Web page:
In the Kitchen...
Our supply of rice milk for my husband is running low, so today I decided to make some up two ways - with cooked and uncooked rice - to see which turns out best. This morning I set up the raw brown rice to soak in water most of the day, and also cooked up some rice using the absorption method (incidentally, the way I always cook rice for fluffy, perfect results every time!). This evening I turned both rices into rice milk - HERE is how.
Since the weather is cooler with the storm howling outside, I decided today would be a good day to have a quick empty and rearrange of my big chest freezer, so make sure like items are together and I have a clear idea of what is in there, where. I hauled everything out, sorting into the three big bins I use as laundry baskets, then rearranged the boxes and baskets in the freezer, stacking things back in groups. I now have:
3 banana boxes at the bottom of my freezer - one has all the frozen tomatoes I need to make into bottled products, organic tomato paste I bought in a bulk tin and split into useful sized packets, plus some packets of chicken meat for pet food, and some frozen whole nasturtium leaves for making dolmas. The second box is full of assorted bones for making stock - while I was at it I pulled out enough to fill my biggest stock pot, and cooked a load of chicken stock. The third box has various random meats I need to use up - a couple of goat legs a friend got hunting, some venison my son hunted, one of our roosters from a while back etc. Since most of these are in sizes too big for a meal for just the two of us, I'll either invite folk for dinners and use them then, or make into dishes that can be split, then frozen and used for several meals, or gifted to others.
I put packets of frozen beans and other veges into plastic grocery bags to sit on top of the boxes, so they can be collectively lifted out of the way when I need to get to the boxes. Containers of soup are stacked at one end, along with upright banker boxes of chops and more un-sausages.
In the hanging baskets I put small quantities of meat, suitable for 1-2 people, so I can grab those easily for small meals. Another basket has GF bread in it (and one ordinary), and another has all the small packs of herbs etc chopped and frozen from the garden, and the fourth has containers of stock, ready to grab for use in various meals.
It took less than 30 mins for me to do this, and now my freezer is better organised, and I have made some notes as to what is needing using first.
For dinner I made a delicious courgette dish I invented recently. Except that tonight, I first sauted some diced chicken breast in a little coconut and olive oil, and set it aside, then made the courgette dish, then added the chicken in and simmered until heated back through. Yum!
I also roasted some pumpkin from last year's harvest that is taking up space in the fridge since I cut some recently - some to eat for dinner, and some to put on the fridge and make into soup. While I was at it, I scooped out the seeds from the pumpkin, and made a roasted pumpkin seed snack. Pumpkin seeds are very nutritious, as well as being a natural vermicide (anti intestinal worms). They can be cooked with their shells on and eaten as a very tasty snack - the method is simple and you can experiment with various flavour combos.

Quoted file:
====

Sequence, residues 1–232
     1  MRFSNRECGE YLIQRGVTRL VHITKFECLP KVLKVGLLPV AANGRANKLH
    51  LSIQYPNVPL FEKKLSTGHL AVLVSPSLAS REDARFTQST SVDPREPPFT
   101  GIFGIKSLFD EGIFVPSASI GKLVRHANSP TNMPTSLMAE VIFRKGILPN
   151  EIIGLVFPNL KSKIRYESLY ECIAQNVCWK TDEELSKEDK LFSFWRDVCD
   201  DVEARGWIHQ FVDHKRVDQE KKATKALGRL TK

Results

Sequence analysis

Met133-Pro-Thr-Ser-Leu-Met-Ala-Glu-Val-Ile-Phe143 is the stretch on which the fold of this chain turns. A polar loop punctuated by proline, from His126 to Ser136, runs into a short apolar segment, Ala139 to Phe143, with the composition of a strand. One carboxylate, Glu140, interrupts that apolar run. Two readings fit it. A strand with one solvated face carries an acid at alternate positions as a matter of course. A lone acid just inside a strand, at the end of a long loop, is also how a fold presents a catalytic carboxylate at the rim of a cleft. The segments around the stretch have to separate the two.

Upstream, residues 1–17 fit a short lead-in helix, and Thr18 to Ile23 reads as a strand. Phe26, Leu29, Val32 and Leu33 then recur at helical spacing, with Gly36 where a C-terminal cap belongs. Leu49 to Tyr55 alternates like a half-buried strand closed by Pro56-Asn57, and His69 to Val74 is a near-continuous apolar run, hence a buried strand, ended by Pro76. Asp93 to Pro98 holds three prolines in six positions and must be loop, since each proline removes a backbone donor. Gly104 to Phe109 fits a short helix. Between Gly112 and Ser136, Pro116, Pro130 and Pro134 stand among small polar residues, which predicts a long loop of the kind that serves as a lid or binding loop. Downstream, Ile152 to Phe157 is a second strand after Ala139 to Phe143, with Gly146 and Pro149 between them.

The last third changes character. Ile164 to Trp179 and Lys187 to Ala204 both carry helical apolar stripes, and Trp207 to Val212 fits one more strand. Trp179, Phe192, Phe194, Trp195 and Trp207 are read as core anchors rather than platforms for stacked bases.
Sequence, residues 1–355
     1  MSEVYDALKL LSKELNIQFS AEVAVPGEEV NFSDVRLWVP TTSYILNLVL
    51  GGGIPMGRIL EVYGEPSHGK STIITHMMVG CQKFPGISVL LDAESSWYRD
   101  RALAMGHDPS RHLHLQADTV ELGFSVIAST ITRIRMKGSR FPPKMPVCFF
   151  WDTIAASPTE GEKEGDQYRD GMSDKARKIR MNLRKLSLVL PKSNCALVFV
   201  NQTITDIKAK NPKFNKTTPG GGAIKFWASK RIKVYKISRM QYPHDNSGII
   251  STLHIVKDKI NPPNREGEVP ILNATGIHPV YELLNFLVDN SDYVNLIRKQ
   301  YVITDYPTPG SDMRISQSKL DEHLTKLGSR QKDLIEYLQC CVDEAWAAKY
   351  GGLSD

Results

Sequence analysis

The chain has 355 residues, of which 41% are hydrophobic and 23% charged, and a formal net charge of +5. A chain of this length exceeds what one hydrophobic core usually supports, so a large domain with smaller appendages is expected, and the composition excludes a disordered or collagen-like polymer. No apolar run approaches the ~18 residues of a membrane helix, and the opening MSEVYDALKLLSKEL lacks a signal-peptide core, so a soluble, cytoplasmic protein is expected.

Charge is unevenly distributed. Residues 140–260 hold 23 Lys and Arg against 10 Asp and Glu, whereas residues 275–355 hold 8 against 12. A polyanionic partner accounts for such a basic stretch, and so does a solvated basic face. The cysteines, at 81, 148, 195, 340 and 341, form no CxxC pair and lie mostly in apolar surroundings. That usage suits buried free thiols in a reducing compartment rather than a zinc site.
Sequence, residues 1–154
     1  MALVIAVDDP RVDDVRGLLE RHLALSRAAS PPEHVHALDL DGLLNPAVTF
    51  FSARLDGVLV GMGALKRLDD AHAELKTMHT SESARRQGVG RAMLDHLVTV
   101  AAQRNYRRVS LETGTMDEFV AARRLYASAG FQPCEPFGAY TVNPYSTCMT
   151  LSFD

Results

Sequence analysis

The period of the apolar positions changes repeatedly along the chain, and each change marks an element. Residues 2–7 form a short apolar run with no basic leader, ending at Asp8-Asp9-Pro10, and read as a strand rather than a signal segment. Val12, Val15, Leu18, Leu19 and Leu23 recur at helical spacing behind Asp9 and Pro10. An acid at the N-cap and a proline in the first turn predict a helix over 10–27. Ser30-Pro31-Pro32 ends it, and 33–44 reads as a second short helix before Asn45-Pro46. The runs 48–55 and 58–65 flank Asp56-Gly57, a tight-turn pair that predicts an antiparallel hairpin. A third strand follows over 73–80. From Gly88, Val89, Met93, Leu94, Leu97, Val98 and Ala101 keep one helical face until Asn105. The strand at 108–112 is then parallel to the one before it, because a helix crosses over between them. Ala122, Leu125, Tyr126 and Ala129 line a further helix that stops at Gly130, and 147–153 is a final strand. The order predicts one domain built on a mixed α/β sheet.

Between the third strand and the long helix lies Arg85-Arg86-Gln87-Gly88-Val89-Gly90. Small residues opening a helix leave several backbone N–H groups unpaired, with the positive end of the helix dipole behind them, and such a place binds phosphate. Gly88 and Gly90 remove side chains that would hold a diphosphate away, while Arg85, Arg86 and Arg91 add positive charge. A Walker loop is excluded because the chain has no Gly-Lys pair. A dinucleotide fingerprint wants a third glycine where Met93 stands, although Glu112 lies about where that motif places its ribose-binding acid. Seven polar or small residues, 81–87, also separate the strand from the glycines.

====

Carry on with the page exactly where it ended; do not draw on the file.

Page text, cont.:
In the Office....
Today I revisited my own price book - it's been a while since I kept one, so I decided on a fresh start with a spiral bound address book I picked up from a $2 shop a year or so ago, and haven't really used (I have a much better system for addresses and telephone numbers!). I pulled out all the receipts I could find, and began writing in recent prices of regularly purchased items. I know that getting back into the habit of using a price book to advantage is one way to keep our grocery spending down in future! It helped me a great deal in the past.
Today's Thrifty Tips and Handy Hints...
Better laundry baskets: Next time your laundry basket needs replacing, get a big "fish bin" type bin from the Warehouse instead - they are much more robust than the plastic baskets with holes or slits around them, and hold more laundry too - perfect in a large family. They stack either on top of each other, or nesting for storage, and can be used for so many other things too - bathe the baby or a small dog, use when emptying the freezer, load with items that need transporting to a camp or picnic and so on. Currently $8 for a 42L bin. Mine are 54L ones, and cost $10
Safely reuse ziplock bags in the freezer: If you use ziplock bags to store various items in the freezer, you can safely reuse them if you keep them frozen. I use large ziplock bags to store opened packs of GF bread, chicken carcasses for making stock, roast bones for soups and stocks etc. If I remove the contents without defrosting it in the bag, the bag remains essentially clean, and I fold the bags and put back in the freezer, then reuse them for the same kind of items again a few times. Keeping them frozen reduces any risk to nil, if stored items are then going to be removed and cooked throughly, such as bones into stock. Bags that have been used to store non-meat items (eg bread, herbs etc) I will wash in soapy water, dry, and reuse. Bags used for meat storage I do not reuse except as above - if they have meat defrosted in them, they become potentially unsafe. Today I emptied a bunch of frozen chicken carcasses from bags into my stock pot, tucked the bags back into one of them, and put back in the freezer. I will use those bags to store the next rounds of chicken carcasses until I'm ready to cook up a pot. Obviously, apply wisdom to how you utilize this idea. :-)